Help with understanding Young's Derivation

  • Thread starter aeromat
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Homework Statement


Here they are deriving the equation for Young's experiment: http://www.physicsclassroom.com/Class/light/U12L3c.cfm

The part where they start bringing up "Assertion" and "Logic/Rationale" is where I got confused:
They mention for part ii) that if the distance L >>> y, then S1P is || (parallel) to BP.
u12l3c3.gif

iii

S1P = BP

If S1P and BP are || and line S1B is perpendicular to BP, then the length BP = length S1P.
If they are parallel to each other, wouldn't the two lines NOT connect together to form a triangle? What I know about parallel lines, they never intersect, and in this case, they are intersecting at P. :confused:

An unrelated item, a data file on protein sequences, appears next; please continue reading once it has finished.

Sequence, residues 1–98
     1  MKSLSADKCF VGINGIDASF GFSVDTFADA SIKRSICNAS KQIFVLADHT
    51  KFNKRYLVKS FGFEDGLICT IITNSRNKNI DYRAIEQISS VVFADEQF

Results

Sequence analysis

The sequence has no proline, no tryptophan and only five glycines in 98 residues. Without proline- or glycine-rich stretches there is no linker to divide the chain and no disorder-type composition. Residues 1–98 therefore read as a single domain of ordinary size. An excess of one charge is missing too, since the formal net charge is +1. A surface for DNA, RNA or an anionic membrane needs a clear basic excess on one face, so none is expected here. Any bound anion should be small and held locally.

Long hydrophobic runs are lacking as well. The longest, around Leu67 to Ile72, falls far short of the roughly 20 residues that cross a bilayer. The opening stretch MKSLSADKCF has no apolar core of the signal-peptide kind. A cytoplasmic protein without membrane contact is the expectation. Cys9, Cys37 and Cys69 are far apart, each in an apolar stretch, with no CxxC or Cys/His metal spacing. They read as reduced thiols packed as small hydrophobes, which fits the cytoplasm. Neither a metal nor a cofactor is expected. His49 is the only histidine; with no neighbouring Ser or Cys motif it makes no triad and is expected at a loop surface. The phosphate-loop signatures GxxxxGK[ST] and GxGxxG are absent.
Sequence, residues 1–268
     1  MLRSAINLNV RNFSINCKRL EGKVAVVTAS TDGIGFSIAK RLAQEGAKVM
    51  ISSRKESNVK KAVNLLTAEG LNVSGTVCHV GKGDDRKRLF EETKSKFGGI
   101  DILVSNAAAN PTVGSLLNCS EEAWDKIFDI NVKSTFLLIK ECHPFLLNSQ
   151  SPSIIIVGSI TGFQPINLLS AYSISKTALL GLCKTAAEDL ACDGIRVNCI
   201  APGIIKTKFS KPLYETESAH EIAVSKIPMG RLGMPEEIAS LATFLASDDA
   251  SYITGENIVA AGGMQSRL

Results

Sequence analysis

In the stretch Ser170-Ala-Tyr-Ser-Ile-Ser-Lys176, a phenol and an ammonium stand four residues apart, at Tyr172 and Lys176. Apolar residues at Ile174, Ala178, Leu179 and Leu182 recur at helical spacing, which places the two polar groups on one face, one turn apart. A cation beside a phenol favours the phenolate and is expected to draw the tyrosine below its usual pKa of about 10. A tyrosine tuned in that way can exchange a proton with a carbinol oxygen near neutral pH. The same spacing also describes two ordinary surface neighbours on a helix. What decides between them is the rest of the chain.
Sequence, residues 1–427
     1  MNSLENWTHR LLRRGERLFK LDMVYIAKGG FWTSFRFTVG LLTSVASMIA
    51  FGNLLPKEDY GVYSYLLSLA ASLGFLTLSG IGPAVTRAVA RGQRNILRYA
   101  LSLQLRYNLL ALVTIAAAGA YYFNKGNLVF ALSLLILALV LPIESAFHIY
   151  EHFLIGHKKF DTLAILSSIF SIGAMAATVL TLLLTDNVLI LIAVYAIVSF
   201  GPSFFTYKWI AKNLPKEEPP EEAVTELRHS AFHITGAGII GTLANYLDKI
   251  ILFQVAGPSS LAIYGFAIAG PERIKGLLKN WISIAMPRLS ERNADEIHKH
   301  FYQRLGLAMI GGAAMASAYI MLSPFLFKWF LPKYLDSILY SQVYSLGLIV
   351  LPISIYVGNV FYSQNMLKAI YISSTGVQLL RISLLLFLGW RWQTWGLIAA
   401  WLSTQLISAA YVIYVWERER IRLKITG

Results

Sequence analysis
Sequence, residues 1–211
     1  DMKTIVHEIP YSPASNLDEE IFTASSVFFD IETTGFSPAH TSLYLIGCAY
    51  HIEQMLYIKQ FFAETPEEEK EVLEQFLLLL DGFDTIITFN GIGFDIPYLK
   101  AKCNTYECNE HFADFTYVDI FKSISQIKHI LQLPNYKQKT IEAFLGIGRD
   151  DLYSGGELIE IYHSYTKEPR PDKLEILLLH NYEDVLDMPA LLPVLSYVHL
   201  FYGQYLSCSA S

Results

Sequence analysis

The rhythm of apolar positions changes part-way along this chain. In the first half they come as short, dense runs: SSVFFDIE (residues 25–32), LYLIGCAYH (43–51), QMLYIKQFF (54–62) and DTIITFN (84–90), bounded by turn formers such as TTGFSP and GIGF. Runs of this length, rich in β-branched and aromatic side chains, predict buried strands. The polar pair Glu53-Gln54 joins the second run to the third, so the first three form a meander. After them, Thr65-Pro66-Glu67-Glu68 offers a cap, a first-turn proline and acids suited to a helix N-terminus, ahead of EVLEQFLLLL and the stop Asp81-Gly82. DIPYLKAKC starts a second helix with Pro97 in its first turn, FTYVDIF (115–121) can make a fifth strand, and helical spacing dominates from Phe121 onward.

Homework Equations



Young's Equation for a double slit experiment
 

Answers and Replies

  • #2
cepheid
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They're not actually parallel, they're just close enough to parallel that you can pretend that they are parallel (without significant loss of accuracy). It's an approximation. The larger you make L in comparison to y, the "thinner" the triangle gets, and the better this approximation is.
 

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